And now take the cable straight to the ultimate chill area aka Barceloneta Beach. Or take a walk and don’t be cool like we, the cable people, are.

Day 3—Barcelona—stop 3: Barceloneta Beach

Barceloneta Beach in Barcelona , Spain

Barceloneta Beach

Distance from previous stop: 3.9 km/2.4 miles, 50 min
Time spent here: 1.5 hour or till you just have enough

I know, I travel like a madman. This 3-day Barcelona itinerary is super exhausting. But you deserve some applause as you managed it with glamour. Now, there is the rest you deserve.

And what's better than ending your day at the beach? The atmosphere of the different music genres playing from the many beach clubs and bars, the sun setting, having a great drink, and okayish food—it's what memories are made of. 

Barceloneta Beach is a typical city beach, meaning it’s always filled with babes and dudes showing off their tan and freshly jacked six-packs straight out of the gym. But it’s not just any city beach, it’s probably my favorite city beach promenade ever. EVER! 

Day 4 of Barcelona itinerary: Sitges day trip

Map of day 4 Barcelona itinerary day trip to Sitges

See today's route on Google Maps

Main sites visited on day 4: San Sebastian Beach, La Punta
Restaurant tipsRefresc House | Rias do Miño Restaurant | ABaC Restaurant | Raó Restaurant
Hotel recommendations: Radisson Blu 1882 Hotel
Further reading: Nightlife in Spain16 Best Beaches in Spain | All You Need to Know About Tapas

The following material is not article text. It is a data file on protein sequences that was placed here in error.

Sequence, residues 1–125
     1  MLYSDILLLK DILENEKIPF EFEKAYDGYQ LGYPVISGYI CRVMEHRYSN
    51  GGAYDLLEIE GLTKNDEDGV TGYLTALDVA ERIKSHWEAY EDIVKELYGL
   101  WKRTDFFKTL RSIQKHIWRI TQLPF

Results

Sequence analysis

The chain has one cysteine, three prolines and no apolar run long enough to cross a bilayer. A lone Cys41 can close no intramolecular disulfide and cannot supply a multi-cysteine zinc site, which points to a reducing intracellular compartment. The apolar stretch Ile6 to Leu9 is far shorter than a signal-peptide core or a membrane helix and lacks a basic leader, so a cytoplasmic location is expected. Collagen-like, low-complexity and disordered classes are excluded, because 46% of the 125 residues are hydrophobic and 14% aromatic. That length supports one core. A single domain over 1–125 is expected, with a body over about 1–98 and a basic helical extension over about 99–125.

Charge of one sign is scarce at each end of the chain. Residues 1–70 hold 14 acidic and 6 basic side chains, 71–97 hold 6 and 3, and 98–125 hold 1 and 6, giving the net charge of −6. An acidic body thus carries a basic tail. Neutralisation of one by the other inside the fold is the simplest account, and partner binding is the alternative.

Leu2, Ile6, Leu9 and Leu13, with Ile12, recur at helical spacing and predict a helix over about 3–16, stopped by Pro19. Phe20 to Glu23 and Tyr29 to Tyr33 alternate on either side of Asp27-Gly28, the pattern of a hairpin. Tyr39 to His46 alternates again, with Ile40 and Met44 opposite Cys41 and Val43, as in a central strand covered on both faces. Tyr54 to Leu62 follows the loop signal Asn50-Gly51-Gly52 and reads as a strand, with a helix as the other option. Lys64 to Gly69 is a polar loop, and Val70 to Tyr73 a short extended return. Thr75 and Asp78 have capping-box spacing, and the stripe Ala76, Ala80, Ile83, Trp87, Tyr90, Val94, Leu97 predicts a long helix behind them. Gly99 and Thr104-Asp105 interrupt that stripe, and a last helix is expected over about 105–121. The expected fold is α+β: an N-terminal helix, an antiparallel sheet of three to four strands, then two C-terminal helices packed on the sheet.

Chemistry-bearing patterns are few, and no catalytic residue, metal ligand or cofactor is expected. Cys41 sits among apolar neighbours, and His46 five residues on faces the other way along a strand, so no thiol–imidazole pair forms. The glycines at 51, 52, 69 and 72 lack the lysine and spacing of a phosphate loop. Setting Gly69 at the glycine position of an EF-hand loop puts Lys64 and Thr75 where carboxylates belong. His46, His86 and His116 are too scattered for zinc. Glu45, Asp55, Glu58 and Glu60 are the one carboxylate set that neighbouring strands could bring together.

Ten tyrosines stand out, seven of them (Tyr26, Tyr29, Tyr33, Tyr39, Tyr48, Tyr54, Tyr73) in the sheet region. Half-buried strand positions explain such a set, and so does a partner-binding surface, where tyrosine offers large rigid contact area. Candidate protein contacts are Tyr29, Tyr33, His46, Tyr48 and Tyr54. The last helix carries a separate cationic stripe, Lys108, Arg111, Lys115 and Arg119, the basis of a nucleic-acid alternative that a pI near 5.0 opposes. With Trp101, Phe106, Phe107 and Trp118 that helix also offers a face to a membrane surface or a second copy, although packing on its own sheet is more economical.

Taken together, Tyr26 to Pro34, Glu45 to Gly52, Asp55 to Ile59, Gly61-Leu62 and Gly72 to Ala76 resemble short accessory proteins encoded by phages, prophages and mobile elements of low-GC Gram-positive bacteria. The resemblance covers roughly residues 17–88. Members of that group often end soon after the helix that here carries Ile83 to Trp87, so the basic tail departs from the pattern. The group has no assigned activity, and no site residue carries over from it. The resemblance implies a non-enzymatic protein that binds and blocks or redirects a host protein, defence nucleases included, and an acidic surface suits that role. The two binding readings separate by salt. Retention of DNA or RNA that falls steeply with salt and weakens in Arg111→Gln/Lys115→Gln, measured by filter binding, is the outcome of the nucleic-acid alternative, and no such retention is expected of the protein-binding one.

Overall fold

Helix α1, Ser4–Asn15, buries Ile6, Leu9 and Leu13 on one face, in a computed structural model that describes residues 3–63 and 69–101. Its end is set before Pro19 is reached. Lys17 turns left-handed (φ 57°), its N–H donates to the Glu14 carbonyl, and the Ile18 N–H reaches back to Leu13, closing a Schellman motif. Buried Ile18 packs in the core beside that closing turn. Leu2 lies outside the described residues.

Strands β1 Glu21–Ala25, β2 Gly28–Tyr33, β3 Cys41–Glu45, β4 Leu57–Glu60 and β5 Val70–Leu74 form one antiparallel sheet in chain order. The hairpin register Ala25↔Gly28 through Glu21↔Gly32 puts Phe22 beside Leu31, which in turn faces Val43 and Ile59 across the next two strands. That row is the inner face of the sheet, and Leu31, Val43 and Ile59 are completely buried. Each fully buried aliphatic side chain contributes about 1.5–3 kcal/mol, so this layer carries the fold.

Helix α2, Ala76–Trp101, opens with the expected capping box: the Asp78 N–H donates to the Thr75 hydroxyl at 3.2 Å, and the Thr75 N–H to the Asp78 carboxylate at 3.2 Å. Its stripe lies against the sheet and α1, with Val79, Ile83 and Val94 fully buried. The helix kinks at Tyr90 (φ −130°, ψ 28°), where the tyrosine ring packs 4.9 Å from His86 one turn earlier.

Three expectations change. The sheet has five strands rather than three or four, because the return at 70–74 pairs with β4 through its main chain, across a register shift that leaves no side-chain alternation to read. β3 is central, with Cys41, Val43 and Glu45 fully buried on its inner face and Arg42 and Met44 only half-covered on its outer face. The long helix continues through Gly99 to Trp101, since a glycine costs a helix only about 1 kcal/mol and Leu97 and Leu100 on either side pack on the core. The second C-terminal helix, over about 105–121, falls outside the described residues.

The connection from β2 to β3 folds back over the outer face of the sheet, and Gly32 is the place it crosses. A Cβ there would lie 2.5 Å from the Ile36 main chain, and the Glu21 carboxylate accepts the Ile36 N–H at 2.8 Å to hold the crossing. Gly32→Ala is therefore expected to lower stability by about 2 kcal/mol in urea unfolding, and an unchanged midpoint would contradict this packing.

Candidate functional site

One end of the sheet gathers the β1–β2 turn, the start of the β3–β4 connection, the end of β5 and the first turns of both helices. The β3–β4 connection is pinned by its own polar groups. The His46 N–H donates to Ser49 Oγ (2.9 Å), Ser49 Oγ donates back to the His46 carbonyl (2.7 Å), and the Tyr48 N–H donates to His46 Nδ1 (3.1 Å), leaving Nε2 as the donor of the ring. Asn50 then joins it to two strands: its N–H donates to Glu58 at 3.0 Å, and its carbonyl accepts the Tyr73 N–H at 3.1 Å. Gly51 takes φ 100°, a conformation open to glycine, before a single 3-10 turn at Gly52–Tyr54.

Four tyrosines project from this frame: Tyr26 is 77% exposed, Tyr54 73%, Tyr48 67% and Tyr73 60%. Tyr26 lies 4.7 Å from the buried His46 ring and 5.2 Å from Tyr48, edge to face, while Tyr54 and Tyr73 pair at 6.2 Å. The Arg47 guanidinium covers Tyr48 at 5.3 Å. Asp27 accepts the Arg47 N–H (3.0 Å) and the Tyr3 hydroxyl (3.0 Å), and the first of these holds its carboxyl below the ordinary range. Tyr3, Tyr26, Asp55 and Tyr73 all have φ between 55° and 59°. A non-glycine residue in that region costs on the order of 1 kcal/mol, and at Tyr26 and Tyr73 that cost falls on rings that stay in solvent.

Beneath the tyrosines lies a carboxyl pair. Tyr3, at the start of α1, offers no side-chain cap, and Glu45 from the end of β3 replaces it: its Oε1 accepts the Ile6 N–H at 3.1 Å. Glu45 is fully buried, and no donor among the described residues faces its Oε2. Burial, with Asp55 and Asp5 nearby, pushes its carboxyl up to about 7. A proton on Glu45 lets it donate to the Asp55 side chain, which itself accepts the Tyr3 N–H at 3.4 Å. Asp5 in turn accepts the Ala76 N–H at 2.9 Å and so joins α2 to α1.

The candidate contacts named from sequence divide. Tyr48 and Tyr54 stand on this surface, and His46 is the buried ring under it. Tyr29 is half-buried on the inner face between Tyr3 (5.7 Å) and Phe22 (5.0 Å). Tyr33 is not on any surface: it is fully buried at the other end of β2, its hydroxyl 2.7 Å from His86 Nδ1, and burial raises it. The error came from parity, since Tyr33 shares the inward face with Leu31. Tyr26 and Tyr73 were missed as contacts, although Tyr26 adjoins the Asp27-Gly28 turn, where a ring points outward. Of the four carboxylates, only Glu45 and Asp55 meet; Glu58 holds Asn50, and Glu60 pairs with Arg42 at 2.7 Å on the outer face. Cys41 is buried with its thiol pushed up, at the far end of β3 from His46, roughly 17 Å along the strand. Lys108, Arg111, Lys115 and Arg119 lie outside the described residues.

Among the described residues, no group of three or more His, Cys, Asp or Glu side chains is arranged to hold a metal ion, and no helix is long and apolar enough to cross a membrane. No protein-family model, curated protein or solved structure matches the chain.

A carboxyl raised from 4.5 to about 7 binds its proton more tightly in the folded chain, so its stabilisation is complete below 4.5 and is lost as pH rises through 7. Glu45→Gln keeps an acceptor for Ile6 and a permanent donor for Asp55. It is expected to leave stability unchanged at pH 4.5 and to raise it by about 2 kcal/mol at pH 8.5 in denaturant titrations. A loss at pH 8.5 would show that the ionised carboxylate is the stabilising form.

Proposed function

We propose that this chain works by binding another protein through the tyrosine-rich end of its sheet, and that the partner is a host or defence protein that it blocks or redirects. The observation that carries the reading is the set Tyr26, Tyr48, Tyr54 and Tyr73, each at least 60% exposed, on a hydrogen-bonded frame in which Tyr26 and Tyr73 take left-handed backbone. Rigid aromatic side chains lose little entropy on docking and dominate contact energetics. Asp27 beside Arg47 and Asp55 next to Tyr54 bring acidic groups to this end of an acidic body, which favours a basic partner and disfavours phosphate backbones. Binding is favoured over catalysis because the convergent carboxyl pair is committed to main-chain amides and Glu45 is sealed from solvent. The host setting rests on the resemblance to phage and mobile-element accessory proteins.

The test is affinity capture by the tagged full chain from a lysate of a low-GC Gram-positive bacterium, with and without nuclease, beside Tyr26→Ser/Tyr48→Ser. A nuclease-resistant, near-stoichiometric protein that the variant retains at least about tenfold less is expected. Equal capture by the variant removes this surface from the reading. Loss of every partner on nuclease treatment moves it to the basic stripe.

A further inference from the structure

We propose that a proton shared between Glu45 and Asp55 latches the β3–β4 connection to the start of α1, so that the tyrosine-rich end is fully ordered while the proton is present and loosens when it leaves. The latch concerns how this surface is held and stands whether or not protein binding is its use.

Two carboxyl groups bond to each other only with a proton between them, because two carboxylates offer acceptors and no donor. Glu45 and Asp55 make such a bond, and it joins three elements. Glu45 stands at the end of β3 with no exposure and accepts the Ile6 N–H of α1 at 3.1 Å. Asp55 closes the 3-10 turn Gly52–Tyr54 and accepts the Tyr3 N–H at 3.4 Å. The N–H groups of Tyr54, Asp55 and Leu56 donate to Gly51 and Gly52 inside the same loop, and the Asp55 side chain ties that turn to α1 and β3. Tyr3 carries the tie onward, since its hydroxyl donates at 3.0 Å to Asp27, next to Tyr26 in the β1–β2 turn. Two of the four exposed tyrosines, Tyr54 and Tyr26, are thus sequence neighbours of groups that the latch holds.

Only 40 minutes south of Barcelona is this cute little town called Sitges. It's famous thanks to many things from organizing Film Festival and Carnival to being LGBTQ+ capital? As I saw how people there party, I can imagine Pride must be wild. But if you're visiting Sitges when there is no special event being held, spending one day would be plenty.

How to get to Sitges from Barcelona is not complicated at all. You know I always travel by car almost everywhere, because public transport mainly sucks, and nothing beats the comfort of being in charge of your own time. And the condition of Spanish highways was surprisingly good. But if you don't want/need to rent a car, take a train—it will take about the same time as going by car and the train leaves every 20 minutes.'

Sitges—a city close in Barcelona, Spain

The coastal city of Sitges

But to be honest, there is not much to do than take a stroll through the picturesque city or visit an art museum Palau de Marciel. Don't forget to stop by La Punta—the city's iconic landmark. It's known also as Church of Sant Bartolomeu i Santa Tecla (I will stick to La Punta for this one).

The main reason you should visit Sitges is its kick-ass beach and chill vibes. San Sebastian Beach is right in the center of town, nestled between the rocky coast on one end and the historical buildings standing just centimeters from the sea on the other. They make for nice views. The water at the beach is shallow and clean.

After your batteries are recharged and you're extra handsome with the new tan, you can find a hotel in Sitges and party with locals. But I'm too old for that crap and will head back to Barcelona for the night.

Day 5 of Barcelona itinerary: Montserrat hike

Alt: Map of day 5 Barcelona itinerary day trip to Montserrat

See today's route on Google Maps

  • Difficulty: Moderate
  • Length: 9.3 km (5.7 miles)
  • Elevation gain: 603 meters (1978 feet)